Alarm Call By Spotted Deer
The chital was first described by Johann Christian Polycarp Erxleben in 1777 as Cervus axis. In 1827, Charles Hamilton Smith placed the chital in its own subgenus Axis under the genus Cervus. Axis was elevated to generic status by Colin P. Groves and Peter Grubb in 1987. The genus Hyelaphus was considered a subgenus of Axis. However, a morphological analysis showed significant differences between Axis and Hyelaphus. A phylogenetic study later that year showed that Hyelaphus is closer to the genus Rusa than Axis. Axis was revealed to be paraphyletic and distant from Hyelaphus in the phylogenetic tree; the chital was found to form a clade with the barasingha (Rucervus duvaucelii) and the Schomburgk's deer (Rucervus schomburgki). The chital was estimated to have genetically diverged from the Rucervus lineage in the Early Pliocene about 5 million years ago. The following cladogram is based on a 2006 phylogenetic study:
Alarm call by Spotted Deer
Releasing them on the island of Hawaii was planned, as well, but this was abandoned after pressure from scientists over damage to landscapes caused by the deer on other islands. In 2012, deer were spotted on the island of Hawaii; wildlife officials believe people had flown the deer by helicopter and transported them by boat onto the island. In August 2012, a helicopter pilot pleaded guilty to transporting four axis deer from Maui to Hawaii. Hawaiian law now prohibits "the intentional possession or interisland transportation or release of wild or feral deer."
Chital are active throughout the day. In the summer, time is spent in rest under shade, and the sun's glare is avoided if the temperature reaches 80 F (27 C); activity peaks as dusk approaches. As days grow cooler, foraging begins before sunrise and peaks by early morning. Activity slows down during midday, when the animals rest or loiter about slowly. Foraging recommences by late afternoon and continues till midnight. They fall asleep a few hours before sunrise, typically in the forest which is cooler than the glades. These deer typically move in a single file on specific tracks, with a distance of two to three times their width between them, when on a journey, typically in search of food and water sources. A study in the Gir National Park (Gujarat, India) showed that chital travel the most in summer of all seasons.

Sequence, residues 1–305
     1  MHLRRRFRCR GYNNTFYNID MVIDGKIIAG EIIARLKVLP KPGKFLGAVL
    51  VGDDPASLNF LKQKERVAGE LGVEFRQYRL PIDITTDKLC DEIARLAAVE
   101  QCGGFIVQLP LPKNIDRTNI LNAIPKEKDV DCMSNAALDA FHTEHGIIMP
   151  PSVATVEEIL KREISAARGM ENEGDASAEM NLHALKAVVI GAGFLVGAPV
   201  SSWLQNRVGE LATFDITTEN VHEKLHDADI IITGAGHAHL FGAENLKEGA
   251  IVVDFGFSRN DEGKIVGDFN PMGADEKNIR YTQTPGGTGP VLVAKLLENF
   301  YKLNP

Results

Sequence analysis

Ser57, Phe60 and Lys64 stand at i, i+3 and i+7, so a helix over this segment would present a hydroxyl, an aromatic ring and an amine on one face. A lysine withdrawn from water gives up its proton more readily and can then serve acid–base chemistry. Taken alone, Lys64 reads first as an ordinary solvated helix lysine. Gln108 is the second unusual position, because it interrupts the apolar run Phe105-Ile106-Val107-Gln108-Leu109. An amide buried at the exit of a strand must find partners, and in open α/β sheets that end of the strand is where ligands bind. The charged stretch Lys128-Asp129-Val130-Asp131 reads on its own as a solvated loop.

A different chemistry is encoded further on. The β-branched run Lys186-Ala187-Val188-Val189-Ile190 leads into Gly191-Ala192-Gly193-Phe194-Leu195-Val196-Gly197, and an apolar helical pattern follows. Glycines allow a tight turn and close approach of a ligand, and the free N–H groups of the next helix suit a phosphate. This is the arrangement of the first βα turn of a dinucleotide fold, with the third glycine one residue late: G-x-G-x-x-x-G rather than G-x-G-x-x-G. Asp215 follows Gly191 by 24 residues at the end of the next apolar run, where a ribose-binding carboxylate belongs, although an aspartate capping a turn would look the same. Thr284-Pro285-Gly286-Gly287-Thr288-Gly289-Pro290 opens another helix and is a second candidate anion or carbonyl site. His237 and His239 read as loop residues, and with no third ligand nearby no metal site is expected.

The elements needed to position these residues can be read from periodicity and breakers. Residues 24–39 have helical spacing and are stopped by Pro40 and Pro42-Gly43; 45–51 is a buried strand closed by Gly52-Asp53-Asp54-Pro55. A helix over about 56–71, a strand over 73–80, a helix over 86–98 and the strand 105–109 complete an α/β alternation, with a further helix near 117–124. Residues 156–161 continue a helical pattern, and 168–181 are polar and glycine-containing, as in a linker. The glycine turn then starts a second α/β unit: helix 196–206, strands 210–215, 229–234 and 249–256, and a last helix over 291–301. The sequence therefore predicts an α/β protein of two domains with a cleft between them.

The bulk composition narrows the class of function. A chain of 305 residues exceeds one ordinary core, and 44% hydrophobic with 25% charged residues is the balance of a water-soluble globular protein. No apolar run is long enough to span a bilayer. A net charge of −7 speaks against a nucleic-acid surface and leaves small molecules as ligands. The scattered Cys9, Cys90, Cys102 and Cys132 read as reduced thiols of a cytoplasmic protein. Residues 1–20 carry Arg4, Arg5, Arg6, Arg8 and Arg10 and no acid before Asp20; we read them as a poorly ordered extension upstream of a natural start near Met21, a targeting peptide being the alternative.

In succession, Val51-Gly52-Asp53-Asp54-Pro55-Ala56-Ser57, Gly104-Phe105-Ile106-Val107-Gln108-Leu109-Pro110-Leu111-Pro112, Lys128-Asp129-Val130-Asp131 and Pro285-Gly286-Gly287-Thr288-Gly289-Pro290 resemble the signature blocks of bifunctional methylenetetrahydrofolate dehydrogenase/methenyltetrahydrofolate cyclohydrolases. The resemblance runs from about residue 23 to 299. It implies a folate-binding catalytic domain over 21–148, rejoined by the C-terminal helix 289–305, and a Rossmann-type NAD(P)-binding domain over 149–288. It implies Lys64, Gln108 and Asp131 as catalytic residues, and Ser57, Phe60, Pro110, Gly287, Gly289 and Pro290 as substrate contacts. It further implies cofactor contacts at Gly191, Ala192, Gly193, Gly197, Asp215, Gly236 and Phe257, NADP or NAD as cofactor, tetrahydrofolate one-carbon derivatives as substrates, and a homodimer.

When cautiously inspecting its vicinity, the chital stands motionless and listens with rapt attention, facing the potential danger, if any. This stance may be adopted by nearby individuals, as well. As an antipredator measure, chital flee in groups (unlike the hog deer that disperse on alarm); sprints are often followed by hiding in dense undergrowth. The running chital has its tail raised, exposing the white underparts. The chital can leap and clear fences as high as 1.5 m (4.9 ft) but prefers to dive under them. It stays within 300 m (980 ft) of cover.
A vocal animal, the chital, akin to the North American elk, gives out bellows and alarm barks. Its calls are, however, not as strong as those of elk or red deer; they are mainly coarse bellows or loud growls. Bellowing coincides with rutting. Dominant males guarding females in oestrus make high-pitched growls at less powerful males. Males may moan during aggressive displays or while resting. Chital, mainly females and juveniles, bark persistently when alarmed or if they encounter a predator. Fawns in search of their mother often squeal. The chital can respond to the alarm calls of several animals, such as the common myna and langurs.